Mugging the old lady is wrong, of course—and not because, as some theists will maintain, it will send you to hell; that, after all, only provides a self-interested reason for not doing it, not a moral one. It is wrong because, most centrally, it hurts people: The elderly lady is a sentient being and will suffer harm if you treat her thus. (I do not, let me be clear, take myself to be saying anything metaphysically extravagant in saying this.) The existence of sentient beings, then, is enough to usher morality into the world, because it matters to such beings what happens to them. They have hopes, fears and dreams. They care. So natural selection is enough to account for the existence of sentient beings, which in turn is enough to account for the existence, in Wright’s sense, of a moral order; no weighty metaphysics is required.
But Wright has one final trick up his sleeve. What if, he asks, God is precisely what is needed to explain natural selection? After all, natural selection is an amazing process—what could possibly explain it but an equally amazing explanation? “[N]atural selection is such a powerful mechanism as to demand a special explanation,” he writes. The skeptic will be heard emitting a sigh of frustration at this point, for it appears that she cannot win. If evolution via natural selection cannot account for the diversity and complexity of life, as Intelligent Design adherents claim, then we must posit God to fill in the gaps. If it turns out that evolution does succeed in explaining the appearance of design, then it is such an amazing process that it couldn’t possibly have just happened: Rather, we must posit God in order to explain such an amazing process!
The argument stems from a deep conceptual confusion—one that threatens us with an infinite regress. If every amazing explanation needs to be explained, and God is sufficiently amazing to explain natural selection (which is amazing)—then what explains God? Clearly something has gone wrong: Indeed, this whole approach to thinking about explanation is completely wrongheaded. A successful explanation banishes one’s bewilderment by dissolving what was previously inexplicable. There is, in the case of a successful explanation, no residual bewilderment, nothing remaining to be explained. If an explanation has failed then one is justified in seeking a further or more complete explanation. But it makes no sense for one, having been offered a successful explanation, to shake his head and say: “How incredible! What an amazingly successful explanation! How could there even be such an amazingly successful explanation? What could possibly explain that?”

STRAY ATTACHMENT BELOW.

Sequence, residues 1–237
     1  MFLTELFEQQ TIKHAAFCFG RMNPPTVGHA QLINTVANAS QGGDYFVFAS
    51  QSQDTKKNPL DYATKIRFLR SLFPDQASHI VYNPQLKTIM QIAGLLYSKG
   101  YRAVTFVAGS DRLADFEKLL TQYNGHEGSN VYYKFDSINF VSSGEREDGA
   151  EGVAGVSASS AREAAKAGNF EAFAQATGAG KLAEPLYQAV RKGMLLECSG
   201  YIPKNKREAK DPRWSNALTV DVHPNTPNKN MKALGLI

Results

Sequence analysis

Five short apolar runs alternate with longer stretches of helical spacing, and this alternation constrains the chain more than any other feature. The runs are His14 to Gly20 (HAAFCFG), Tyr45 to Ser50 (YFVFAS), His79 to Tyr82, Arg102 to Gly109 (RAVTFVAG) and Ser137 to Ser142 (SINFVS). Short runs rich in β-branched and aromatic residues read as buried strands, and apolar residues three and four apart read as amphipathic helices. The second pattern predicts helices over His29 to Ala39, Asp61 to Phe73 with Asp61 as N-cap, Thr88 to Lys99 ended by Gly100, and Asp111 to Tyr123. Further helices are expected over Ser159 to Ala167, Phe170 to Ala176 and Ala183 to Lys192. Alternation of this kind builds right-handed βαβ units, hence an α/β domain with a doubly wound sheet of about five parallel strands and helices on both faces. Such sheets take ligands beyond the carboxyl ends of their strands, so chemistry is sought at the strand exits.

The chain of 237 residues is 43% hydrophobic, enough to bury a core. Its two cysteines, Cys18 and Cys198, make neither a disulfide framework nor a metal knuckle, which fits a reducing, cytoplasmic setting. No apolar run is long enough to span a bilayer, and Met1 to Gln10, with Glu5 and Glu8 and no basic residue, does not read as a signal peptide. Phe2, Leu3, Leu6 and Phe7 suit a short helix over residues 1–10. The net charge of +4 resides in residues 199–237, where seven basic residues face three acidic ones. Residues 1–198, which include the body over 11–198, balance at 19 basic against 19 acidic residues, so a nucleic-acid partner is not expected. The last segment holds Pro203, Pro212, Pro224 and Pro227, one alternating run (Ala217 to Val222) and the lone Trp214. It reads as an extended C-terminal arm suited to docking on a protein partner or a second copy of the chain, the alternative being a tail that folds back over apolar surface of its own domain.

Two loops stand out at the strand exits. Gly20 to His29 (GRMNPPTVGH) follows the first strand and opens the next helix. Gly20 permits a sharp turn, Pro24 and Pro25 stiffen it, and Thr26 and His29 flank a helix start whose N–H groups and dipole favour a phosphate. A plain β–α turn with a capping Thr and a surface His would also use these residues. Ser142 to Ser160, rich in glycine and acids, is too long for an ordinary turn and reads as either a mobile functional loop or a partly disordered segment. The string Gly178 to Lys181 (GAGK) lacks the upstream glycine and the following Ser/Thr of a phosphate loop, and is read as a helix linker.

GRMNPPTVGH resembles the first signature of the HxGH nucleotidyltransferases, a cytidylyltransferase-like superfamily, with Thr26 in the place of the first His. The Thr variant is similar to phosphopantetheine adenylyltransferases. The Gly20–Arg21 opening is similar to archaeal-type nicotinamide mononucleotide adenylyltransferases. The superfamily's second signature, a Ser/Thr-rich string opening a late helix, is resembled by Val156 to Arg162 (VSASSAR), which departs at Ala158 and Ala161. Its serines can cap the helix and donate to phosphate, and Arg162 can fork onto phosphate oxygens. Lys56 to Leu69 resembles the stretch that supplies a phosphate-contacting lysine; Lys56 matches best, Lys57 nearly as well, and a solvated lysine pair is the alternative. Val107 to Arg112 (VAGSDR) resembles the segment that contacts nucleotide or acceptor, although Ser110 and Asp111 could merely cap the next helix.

The point of evolution via natural selection is that it needs very little to get going—even though it can have amazing results, and produces things that appear to have been deliberately designed, the nature of the process is that it does not involve conscious design, nor does it itself need to have been designed or deliberately set in motion. That is why it is a successful and powerful explanation. So to treat its amazing success as evidence for some sort of designer is exactly the wrong conclusion to draw from it. Ironically, what it shows is that one did not really grasp what made the explanation so amazingly successful in the first place.
Though they are profoundly philosophically confused (I resist the cynical impulse to write “Because they are profoundly philosophically confused …”), reconciliationist positions like Wright’s are increasingly popular these days. Perhaps this is, in part, a mark of progress: Even in so religious a country as the United States, fewer people now find it possible simply to write off science so as to preserve their religious views, and so more and more are perhaps searching for some kind of livable compromise. Moreover, supporters of reconciliation are correct, in a sense, to say that there is no in principle conflict between science and religion. The early modern scientists were, for the most part, religious men; they expected the results of their researches to help solidify and confirm their faith. As it turned out, though, they were wrong about what science would tell them, and us, about the world. It is not, then—as religious opponents of science sometimes claim—that an anti-religious bias is built into the very methods of science, and thus presupposed (as, it is often put with a sneer, a kind of faith). The anti-religious bias, rather, is built into the world itself; all that science has done is to discover and reveal it. Even assuming that it is worth achieving, the reconciliation of religion and science will not easily be achieved.
Troy Jollimore is associate professor of philosophy at California State University, Chico. His book “Tom Thomson in Purgatory” won the National Book Critics Circle Award for poetry in 2006.